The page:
Hummingbird migration is one of the most highly anticipated bird migrations in North America, but when do hummingbirds migrate? Knowing when these small birds make their seasonal movements can help backyard birders be prepared to welcome them to and from their yards.
About Hummingbird Migration
Even though hummingbirds are the smallest birds in the world, their migrations can span hundreds or thousands of miles. While there are more than 300 hummingbird species, only a handful of them regularly migrate. Most of the hummingbirds of North America do migrate seasonally between northern breeding grounds and southern wintering grounds. Unlike many birds, however, hummingbirds migrate individually and do not travel in seasonal flocks.
Backyard birders who have fed hummingbirds for years quickly learn that these flying jewels can be very predictable with their migration patterns. Individual birds often migrate at the same time each year, even arriving and leaving the same yards within just a day or two. But how do they know when it is time to migrate?
When Hummingbirds Migrate
Several factors affect hummingbird migration and when exactly these small birds set forth on their long journeys. The most important factor that determines the timing of hummingbird migration is daylight: the amount of daylight and the angle of the sun relative to the location. As the light levels change seasonally, hummingbirds will purposefully eat more to gain weight that will be valuable energy for their upcoming long flight.
Other factors that influence when hummingbirds migrate include:
- Food: Hummingbirds will move along their migration journeys as food sources appear and disappear. The most important food source is nectar-producing flowers, but the availability of insects is also a factor.
- Weather: Local storms and strong winds can impact hummingbird migration to a minor degree, delaying the birds' journeys by a day or two.
- Age: Mature birds often start their migration earlier than juvenile birds. Younger birds take longer to build up their new strength and maturity before setting forth on the long migration journey.
- Gender: In some hummingbird species, such as the ruby-throated hummingbird, males migrate a few days before females. This gives the male birds time to establish territories so they can successfully court arriving females at the beginning of the breeding season. They follow the same pattern for fall migration to establish winter territories.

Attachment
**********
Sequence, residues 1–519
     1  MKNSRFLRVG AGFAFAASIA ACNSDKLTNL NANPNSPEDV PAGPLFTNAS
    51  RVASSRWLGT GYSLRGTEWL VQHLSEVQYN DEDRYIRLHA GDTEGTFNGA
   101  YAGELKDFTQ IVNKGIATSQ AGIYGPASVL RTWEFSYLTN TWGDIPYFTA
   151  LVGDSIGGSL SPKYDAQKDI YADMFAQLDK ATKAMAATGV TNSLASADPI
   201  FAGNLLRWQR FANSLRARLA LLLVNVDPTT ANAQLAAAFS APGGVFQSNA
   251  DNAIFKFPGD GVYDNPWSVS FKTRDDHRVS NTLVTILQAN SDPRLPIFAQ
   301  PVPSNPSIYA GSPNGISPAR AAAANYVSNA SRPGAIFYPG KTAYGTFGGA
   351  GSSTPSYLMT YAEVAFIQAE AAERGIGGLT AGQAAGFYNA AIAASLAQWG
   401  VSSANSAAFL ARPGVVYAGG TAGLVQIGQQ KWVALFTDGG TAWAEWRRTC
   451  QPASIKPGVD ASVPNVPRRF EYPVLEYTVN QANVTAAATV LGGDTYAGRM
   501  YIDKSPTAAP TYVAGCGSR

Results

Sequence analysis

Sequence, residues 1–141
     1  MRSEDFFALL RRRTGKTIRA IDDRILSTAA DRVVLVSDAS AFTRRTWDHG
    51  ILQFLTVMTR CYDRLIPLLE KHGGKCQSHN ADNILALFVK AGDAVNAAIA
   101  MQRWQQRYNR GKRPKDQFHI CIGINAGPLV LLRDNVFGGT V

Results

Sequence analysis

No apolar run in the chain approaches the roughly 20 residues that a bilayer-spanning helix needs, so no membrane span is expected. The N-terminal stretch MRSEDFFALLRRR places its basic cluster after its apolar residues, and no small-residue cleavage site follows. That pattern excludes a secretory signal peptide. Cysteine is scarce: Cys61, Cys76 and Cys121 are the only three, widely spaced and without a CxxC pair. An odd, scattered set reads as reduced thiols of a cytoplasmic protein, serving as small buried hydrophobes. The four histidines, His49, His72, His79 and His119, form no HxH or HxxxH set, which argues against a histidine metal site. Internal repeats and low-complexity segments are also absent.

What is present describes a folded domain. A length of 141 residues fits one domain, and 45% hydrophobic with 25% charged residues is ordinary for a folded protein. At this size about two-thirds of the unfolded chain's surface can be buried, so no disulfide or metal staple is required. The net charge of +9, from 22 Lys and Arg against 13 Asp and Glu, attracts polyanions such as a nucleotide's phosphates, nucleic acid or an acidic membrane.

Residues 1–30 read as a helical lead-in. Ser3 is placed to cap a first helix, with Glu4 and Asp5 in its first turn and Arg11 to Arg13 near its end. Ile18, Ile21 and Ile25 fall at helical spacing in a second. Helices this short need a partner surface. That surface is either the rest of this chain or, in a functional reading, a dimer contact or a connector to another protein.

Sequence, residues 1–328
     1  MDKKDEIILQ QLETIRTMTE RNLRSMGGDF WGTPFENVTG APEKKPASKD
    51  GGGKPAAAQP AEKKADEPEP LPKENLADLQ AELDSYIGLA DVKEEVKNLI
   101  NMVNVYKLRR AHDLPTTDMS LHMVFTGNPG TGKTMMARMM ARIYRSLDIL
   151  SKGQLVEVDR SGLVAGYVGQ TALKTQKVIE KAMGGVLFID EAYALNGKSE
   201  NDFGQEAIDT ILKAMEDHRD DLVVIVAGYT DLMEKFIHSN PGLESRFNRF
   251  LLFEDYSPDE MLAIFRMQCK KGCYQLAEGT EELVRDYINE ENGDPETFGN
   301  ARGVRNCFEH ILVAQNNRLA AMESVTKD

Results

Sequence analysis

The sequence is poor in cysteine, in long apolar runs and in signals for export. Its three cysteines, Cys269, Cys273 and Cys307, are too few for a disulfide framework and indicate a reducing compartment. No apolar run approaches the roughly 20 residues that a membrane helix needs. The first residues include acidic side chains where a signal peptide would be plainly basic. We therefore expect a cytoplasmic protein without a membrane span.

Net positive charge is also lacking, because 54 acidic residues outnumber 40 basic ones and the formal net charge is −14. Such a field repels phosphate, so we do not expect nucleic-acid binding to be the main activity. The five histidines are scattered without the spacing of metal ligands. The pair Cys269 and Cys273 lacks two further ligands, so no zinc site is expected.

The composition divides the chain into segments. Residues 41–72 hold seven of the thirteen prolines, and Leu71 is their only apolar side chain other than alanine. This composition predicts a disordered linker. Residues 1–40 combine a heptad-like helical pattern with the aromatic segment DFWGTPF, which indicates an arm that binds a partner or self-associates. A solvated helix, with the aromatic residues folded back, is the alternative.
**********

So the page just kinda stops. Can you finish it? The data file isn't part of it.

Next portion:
- Distance: The further hummingbirds have to migrate, the sooner they start their journey. The rufous hummingbird, for example, has the longest migration of any hummingbird species – traveling between Mexico and Alaska – and may begin migrating long before other species are traveling.
In spring, hummingbirds may begin flying north as early as January, taking several months to travel to their breeding grounds and arriving by mid-May at the northernmost parts of their range. In the fall, some species begin migration as early as July, though most hummingbirds don't begin their southward movements until late August or mid-September.
Helping Migrating Hummingbirds
Backyard birders can take several steps to help migrating hummingbirds. It is one of the most common bird feeding myths that feeding hummingbirds will prevent them from migrating – in fact, savvy birders put their hummingbird feeders up early in the spring and keep them up late in the fall so the birds have a ready food source no matter how local flowers are blooming. Other ways to help migrating hummingbirds include:
- Planting flowers to attract hummingbirds with a natural food source, including both early and late blooming flowers for ample nectar in the spring and fall.
- Providing nesting materials during spring migration for breeding hummingbirds to quickly and easily build nests to raise their young.
- Taking steps to keep hummingbird nectar from freezing in the late fall so it is still available to late-migrating hummingbirds.
- Support conservation initiatives and habitat preservation in hummingbirds' winter grounds so they will have safe territories on both ends of migration.
Knowing when hummingbirds migrate gives birders a migration timeline to anticipate when they will see these beautiful birds, and taking steps to help them will ensure successful migrations for generations of hummingbirds to come.
Photo – Ruby-Throated Hummingbird © thefixer